|Norm. Flow (Trained with 9 other datasets)||53.9||0.835|
|Auto-encoder (Trained with 9 other datasets)||N/A||0.805|
|AdaFlow (Adapted with 10 samples)||92.4||0.816|
|AdaFlow (Adapted with 100 samples)||21.4||0.875|
|AdaFlow (Adapted with 1000 samples)||15.3||0.882|
|Norm. Flow (Fine-tuned with 1000 samples)||13.9||0.887|
|Norm. Flow (Fine-tuned with 1000 samples)||3.23|
|AdaFlow (Adapted with 1000 samples)||0.09|
5 Application to Unpaired Cross-Domain Translation
Though AdaFlow was originally designed for conducting density estimation on multiple domains, we demonstrate that it can be also used for the unpaired cross-domain translation problem, in which one has to train a cross-domain translation model without paired data. We propose the unpaired cross-domain translation framework with AdaFlow in Fig. 1 (c). Given a trained AdaFlow model, data belonging to one domain is first projected to the latent space with that domain’s AdaBN statistics, and after that the obtained latent variable is reprojected to the data space with the target domain’s AdaBN statistics.
We used two datasets for these experiments: the first one consisted of 400 photos, and the second one consisted of 400 paintings drawn by Van Goph. Examples are shown in Fig. 3 (a) and (b). As an architecture for AdaFlow, we employed a variant of Glow , in which activation normalization layers are replaced with AdaBN.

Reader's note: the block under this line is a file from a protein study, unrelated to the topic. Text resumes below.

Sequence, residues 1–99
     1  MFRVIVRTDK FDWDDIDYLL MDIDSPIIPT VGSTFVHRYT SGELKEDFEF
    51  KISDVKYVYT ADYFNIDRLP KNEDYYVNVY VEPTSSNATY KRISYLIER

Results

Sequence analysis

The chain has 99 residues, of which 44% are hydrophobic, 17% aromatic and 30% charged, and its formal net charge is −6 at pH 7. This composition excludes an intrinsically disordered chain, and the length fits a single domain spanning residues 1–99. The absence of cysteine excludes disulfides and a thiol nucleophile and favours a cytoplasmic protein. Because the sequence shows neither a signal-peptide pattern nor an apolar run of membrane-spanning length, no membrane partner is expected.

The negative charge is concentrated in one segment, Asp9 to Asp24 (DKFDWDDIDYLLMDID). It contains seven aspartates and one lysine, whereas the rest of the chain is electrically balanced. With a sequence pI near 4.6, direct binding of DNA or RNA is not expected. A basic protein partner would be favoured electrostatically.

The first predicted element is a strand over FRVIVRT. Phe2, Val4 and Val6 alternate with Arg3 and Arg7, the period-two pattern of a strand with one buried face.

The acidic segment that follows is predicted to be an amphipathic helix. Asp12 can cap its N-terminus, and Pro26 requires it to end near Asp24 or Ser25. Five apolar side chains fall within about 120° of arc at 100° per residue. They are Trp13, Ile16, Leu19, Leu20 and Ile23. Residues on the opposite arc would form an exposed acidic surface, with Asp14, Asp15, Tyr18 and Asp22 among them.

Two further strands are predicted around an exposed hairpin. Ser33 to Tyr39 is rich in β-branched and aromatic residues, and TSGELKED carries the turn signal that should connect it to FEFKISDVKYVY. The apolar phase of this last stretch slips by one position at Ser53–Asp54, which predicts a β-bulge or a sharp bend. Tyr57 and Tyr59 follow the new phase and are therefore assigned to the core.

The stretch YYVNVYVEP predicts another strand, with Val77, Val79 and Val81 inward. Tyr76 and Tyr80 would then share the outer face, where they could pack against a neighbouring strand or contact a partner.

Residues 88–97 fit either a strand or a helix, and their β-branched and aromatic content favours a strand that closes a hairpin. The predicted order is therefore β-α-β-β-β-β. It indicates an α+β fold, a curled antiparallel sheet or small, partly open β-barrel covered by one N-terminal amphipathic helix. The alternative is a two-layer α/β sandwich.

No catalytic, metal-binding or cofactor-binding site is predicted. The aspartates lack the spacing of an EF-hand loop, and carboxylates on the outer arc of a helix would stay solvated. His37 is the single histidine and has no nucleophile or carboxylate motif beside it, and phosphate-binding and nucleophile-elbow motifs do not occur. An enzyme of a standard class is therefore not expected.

The cross-domain translation results are shown in Fig. 3 (c, d). We can see that unpaired cross-domain translation can be achieved via AdaFlow, even when it is trained without paired data. These results indicate that AdaFlow can be a density-based alternative to other methods for this problem, such as CycleGAN .
We proposed a new DNN-based density estimator called AdaFlow; a unified model of the NF and AdaBN. Since AdaFlow can be adapted to a new domain by just adjusting the statistics used in AdaBNs, we can avoid iterative parameter update for adaptation, unlike fine-tuning. Therefore, a fast and low-computational cost domain adaptation is achieved. We confirmed the effectiveness of the proposed method through an anomaly detection in a sound task. We also proposed a method of applying AdaFlow to the unpaired cross-domain translation problem. We demonstrated the effectiveness of using AdaFlow for the task through cross-domain translation experiments on photo and painting datasets.
AdaFlow has the potential to resolve some problems of other important tasks. One possible example is source enhancement [27, 28, 29]. It is known that the performance of DNN-based source enhancement is degraded when target/noise characteristics of test data are different from those of training data. This problem is also domain-adaptation problem, thus it might be resolved by using AdaFlow. Therefore, in the future, we plan to apply AdaFlow to other tasks including source enhancement.